For most of human history, nudity was a natural and normal part of life. People were naked when the environmental conditions favored them. The “bathing suit” is a very recent invention dating back about a century. It is only with the advent of industrialization that humans began to be ashamed of their bodies. When we began to replace our natural world with manufactured products, we grew up to see everything that was not man-made as imperfect. The human body became an object of shame to be hidden and shaped by clothing.
Naturism began as a self-help reform movement in reaction to the debilitating aspects of industrialization and urbanization during the 19th century. At a time when medicine could neither explain nor cure disease, many people believed that crowded and unsanitary cities, tenement houses, restrictive Victorian clothing, and oppressive working conditions led to poor health. Some observers concluded that what people needed was exposure to natural healing elements or fresh air, sunlight and water, preferably with loose or absent clothing. An informal coalition of natural lifestyle reform movements was formed in the late 1800s, combining clothing reform, vegetarianism, abstinence from alcohol and tobacco, and naturopathy. Some pioneers suggested that nudity be an integral part of lifestyle reform. Naturism found expression in books written in Germany at the turn of the century byHeinrich Pudor and Richard Ungewitter , and the idea received cultural support when the first modern Olympics in Athens drew attention to classical nudity. They called it Freikörperkultur (FKK), which means “Culture of the free body.”
From theory, it was a short step to practice. Experimental clubs were opened in Germany, and later in France and England, where individuals could practice their natural lifestyle without outside interference (provided they remained on private property). Since the first clubs were experiments in natural life, they imposed the complete natural regime on all guests: naked rain or sun, abstinence, vegetarianism, and compulsory calisthenics. Many guests decided that the practice was not as attractive as the theory, and while some abandoned the cause entirely, others noted that social nudity had a positive psychological effect that they appreciated. When people took off their cultural armor, they felt freer and less stressed than during their everyday lives. People were who they were, not what they pretended to be behind their textile uniforms, jewelry, and makeup. This relaxed social atmosphere became the hallmark of 20th century social naturism.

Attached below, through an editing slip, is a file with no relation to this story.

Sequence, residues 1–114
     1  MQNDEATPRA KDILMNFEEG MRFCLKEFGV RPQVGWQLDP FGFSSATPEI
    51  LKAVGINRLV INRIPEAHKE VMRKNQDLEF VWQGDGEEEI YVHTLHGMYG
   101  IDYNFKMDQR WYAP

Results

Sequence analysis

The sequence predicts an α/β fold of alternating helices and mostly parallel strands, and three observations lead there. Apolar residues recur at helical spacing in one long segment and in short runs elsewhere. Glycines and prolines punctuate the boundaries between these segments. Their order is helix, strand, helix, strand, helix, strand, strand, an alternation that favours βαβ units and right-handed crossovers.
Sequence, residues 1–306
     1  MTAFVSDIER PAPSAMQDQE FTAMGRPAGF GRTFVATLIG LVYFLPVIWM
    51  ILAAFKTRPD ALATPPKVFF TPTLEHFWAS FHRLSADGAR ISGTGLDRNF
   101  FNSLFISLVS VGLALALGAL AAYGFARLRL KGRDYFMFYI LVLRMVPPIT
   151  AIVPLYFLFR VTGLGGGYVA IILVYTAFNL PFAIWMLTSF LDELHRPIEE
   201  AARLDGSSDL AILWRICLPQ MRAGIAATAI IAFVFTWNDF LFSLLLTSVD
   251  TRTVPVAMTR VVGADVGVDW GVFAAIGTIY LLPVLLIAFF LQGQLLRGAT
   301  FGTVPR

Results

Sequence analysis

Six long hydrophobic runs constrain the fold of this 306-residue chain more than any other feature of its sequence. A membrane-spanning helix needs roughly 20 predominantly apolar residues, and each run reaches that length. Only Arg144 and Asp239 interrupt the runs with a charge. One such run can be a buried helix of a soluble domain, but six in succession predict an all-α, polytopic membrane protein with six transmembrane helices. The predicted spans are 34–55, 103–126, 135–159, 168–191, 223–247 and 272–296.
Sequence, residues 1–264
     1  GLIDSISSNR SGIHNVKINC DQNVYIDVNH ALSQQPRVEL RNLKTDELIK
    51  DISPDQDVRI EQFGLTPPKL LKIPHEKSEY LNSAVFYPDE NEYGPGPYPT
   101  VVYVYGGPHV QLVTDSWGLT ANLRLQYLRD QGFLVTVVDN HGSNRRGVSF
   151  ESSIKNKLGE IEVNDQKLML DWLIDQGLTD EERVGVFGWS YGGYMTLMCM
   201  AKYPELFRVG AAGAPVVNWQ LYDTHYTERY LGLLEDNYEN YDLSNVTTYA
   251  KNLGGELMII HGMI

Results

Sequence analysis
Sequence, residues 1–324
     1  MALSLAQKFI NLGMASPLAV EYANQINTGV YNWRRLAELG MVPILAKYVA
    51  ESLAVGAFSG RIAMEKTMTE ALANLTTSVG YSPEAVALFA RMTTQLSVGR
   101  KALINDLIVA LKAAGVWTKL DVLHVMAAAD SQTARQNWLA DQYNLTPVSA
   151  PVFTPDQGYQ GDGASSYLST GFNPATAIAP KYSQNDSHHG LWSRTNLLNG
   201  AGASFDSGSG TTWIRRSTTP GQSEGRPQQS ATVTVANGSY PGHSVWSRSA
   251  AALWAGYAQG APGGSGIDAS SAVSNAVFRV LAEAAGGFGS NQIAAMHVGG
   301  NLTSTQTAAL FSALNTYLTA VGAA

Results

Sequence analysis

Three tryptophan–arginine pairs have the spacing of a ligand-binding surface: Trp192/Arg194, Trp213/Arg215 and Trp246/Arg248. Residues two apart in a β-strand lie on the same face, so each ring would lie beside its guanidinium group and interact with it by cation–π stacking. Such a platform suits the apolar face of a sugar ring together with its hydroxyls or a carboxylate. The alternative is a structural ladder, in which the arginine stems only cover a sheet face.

Several other trends accelerated the acceptance of the nudity aspect of naturism. The youth of the turn of the century embraced the great outdoors and went hiking and canoeing through the countryside, often naked, and often in mixed groups. Western society experienced a kind of sexual liberation at this time and relaxed many of its moral standards. World War I had a similar effect. As a result, naturism was poised for rapid growth during the 1920s, especially in Germany, where tens of thousands of people frolicked in clubs, free beaches, and city parks and swimming pools. Other countries also saw a boost in naturist clubs, including the Sparta Club in France and Spielplatz in England.
Naturism in North America followed the European pattern. Bernarr Macfadden, one of the early pioneers of health reform, promoted natural life in his Physical Culture magazine and in his City of Physical Culture, as did William Call in his Common Sense Clubs. But the first true naturist club was formed in upstate New York by Kurt Barthel and a handful of German immigrants. His Sky Farm Club became home to the early International Nude Conference, which attracted “Uncle Danny” Boone from Ilsley, who took over, reorganized the American Sunbathing Association, and launched Sunshine & Health. Other clubs soon appeared in nearby states, the Midwest and California. When the ASA members rebelled against his solo show, he left to form the National Nudist Council.
Original publication 17 August, 2020
Posted on NatCorn 31st August 2020
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